- The U.S. Supreme Court upheld a federal COVID-19 vaccination requirement for healthcare workers at facilities receiving Medicare and Medicaid funds nationwide on Thursday, while blocking the Occupational Safety and Health Administration's mandate for large employers.
- In a 5-4 decision, the court's liberal justices were joined by Chief Justice John Roberts in declaring CMS has the authority to enforce the mandate. "Ensuring that providers take steps to avoid transmitting a dangerous virus to their patients is consistent with the fundamental principle of the medical profession: first, do no harm," they wrote.
- Provider groups like the American Hospital Association said they will work to help hospitals comply while balancing staffing challenges, and are thankful for an extended compliance deadline and some enforcement discretion from the agency.
Healthcare facilities will have to comply with CMS' vaccination requirements for employees after a whirlwind of legal challenges that came to a head Thursday with the high court's decision, which comes as the omicron variant is raging and hospitals are once again stretched to the brink.
Under the CMS rule, hospitals, ambulatory surgery centers, nursing homes and other healthcare facilities must ensure staff are fully vaccinated or risk losing Medicare and Medicaid funding.
CMS regularly imposes prescriptive, costly requirements for hospitals and other providers as a condition of their Medicaid and Medicare participation, Brian Fletcher, the administration's principal deputy solicitor general told the court during expedited oral arguments Friday.
Those conditions have long included requirements that providers maintain and enforce infection prevention and control programs, the justices upholding CMS' mandate wrote in their decision. At the same time, the Medicare and Medicaid programs are responsible for some of the most vulnerable patients.
They also wrote that healthcare workers are routinely required to be vaccinated against other diseases, and the health organizations have supported the mandate.
The global pandemic has posed immense challenges and "such unprecedented circumstances provide no grounds for limiting the exercise of authorities the agency has long been recognized to have," they wrote.
Meanwhile those dissenting argued the agency overstepped its bounds in issuing the requirement and that CMS has never used its power to mandate vaccinations before.
Justices Samuel Alito, Clarence Thomas, Neil Gorsuch and Amy Coney Barrett wrote in their dissent, "Even if the Federal Government has the authority to require the vaccination of healthcare workers, it did not have the authority to impose that requirement in the way it did."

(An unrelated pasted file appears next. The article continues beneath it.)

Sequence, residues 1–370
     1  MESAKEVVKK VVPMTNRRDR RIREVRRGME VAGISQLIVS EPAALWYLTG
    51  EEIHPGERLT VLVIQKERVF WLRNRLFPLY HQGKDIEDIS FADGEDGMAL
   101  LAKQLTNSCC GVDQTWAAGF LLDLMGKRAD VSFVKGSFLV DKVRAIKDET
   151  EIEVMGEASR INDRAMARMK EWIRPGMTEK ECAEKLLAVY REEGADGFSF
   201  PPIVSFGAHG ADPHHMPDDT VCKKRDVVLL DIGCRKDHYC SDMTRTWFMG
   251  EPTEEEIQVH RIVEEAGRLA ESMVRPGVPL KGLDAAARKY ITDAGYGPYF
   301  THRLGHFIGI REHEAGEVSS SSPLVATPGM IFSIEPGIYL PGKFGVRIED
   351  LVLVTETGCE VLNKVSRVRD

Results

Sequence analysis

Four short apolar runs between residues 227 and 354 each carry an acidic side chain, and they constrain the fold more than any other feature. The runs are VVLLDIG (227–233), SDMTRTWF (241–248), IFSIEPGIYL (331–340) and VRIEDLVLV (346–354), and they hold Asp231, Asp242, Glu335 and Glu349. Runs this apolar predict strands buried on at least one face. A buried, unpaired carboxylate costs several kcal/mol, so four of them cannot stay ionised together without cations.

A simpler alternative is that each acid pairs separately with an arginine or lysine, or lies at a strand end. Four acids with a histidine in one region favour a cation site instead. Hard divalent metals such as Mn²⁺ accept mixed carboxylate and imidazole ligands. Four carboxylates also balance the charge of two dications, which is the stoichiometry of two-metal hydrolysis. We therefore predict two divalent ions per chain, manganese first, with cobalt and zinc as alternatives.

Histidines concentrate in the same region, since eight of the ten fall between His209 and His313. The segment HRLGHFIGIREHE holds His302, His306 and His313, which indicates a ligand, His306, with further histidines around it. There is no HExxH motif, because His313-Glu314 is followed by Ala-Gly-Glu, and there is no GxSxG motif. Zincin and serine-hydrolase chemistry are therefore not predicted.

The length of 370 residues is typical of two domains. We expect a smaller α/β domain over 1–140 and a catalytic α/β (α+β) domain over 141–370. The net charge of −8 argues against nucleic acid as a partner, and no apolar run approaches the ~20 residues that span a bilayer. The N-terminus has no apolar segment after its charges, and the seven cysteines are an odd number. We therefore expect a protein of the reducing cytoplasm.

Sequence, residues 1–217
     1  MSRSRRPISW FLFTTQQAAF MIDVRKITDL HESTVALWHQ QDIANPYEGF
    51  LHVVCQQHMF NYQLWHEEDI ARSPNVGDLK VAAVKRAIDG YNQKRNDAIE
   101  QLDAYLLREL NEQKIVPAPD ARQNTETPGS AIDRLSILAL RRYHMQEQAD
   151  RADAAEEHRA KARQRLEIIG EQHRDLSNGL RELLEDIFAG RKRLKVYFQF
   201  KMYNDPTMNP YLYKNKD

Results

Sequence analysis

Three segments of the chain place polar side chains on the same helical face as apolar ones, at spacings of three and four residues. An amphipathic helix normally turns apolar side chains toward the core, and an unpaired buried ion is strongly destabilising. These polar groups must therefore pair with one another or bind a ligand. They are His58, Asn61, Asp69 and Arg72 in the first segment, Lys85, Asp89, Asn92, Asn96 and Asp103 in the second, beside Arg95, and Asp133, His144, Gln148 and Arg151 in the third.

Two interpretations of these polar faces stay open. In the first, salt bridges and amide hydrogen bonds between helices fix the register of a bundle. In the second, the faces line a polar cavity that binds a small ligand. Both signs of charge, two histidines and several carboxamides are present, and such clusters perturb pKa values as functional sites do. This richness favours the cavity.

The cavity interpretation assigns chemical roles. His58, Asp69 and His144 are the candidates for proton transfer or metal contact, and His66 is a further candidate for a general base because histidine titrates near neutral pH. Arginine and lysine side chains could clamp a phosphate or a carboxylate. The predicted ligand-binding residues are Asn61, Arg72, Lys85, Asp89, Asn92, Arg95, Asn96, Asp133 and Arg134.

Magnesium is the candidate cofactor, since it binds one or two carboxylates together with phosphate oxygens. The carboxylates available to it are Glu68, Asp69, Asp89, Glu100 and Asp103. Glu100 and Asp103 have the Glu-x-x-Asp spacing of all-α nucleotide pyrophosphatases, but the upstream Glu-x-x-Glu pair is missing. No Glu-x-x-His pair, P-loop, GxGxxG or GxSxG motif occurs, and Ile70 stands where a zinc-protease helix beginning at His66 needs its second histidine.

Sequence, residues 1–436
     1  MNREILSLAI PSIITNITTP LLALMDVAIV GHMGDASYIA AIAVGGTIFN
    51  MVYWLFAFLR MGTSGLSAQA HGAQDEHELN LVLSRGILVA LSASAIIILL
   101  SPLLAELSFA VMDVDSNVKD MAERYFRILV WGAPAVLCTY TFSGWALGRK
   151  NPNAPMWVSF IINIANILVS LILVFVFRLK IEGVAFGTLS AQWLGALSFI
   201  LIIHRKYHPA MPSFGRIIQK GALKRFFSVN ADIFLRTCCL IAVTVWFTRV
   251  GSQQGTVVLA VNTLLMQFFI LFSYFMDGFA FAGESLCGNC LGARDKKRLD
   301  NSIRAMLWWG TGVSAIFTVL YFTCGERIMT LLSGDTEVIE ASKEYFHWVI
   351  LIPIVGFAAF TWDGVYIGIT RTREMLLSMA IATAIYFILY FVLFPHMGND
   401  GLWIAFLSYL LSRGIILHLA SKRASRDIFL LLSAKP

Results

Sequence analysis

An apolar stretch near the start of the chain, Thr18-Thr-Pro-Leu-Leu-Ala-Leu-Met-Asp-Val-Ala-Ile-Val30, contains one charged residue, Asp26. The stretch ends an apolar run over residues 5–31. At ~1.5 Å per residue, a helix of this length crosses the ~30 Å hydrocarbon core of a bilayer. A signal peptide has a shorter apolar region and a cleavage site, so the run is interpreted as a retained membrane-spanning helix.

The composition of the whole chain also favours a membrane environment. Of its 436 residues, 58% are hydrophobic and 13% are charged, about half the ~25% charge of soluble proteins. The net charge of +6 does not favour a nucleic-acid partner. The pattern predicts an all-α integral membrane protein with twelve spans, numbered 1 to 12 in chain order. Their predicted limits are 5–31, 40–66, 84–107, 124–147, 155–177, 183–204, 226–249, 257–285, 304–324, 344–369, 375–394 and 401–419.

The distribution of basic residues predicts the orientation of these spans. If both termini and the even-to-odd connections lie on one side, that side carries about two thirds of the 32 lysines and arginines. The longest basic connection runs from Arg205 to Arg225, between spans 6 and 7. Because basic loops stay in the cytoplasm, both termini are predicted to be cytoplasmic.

"These cases are not about the efficacy or importance of COVID–19 vaccines," Thomas wrote in his dissent.
"They are only about whether CMS has the statutory authority to force healthcare workers, by coercing their employers, to undergo a medical procedure they do not want and cannot undo," he wrote.
Dozens of states have sued the Biden administration over the rules.
The CMS rule was first challenged in a November lawsuit brought by the attorneys general of Alaska, Arkansas, Iowa, Kansas, Missouri, Nebraska, New Hampshire, North Dakota, South Dakota and Wyoming, when a federal judge in the eastern district of Missouri granted a preliminary injunction halting the federal agency from enforcing its mandate in those states, arguing CMS does not have the authority to enact such regulations.
Then Republican lawmakers from Alabama, Arizona, Georgia, Idaho, Indiana, Kentucky, Louisiana, Mississippi, Montana, Ohio, Oklahoma, South Carolina, Utah and West Virginia challenged the CMS rule, also arguing the agency lacked the authority to enact the mandate, and in the lawsuit also expressed how a mandate could exacerbate worsening labor strains, especially in rural areas.
A federal judge granted a preliminary injunction in that case too, and said the scope would be nationwide.
But HHS soon after filed an appeal, and a federal appeals court halted the nationwide injunction on CMS' vaccine mandate granted in that suit brought by 14 states, limiting the scope of that injunction to those specific states only.
The Supreme Court consolidated both cases.
Major provider groups including the American Medical Association and Association of American Medical Colleges support requiring healthcare worker vaccinations. Amid the uncertainty brought by the legal challenges though, some health systems that implemented their own mandates pulled back.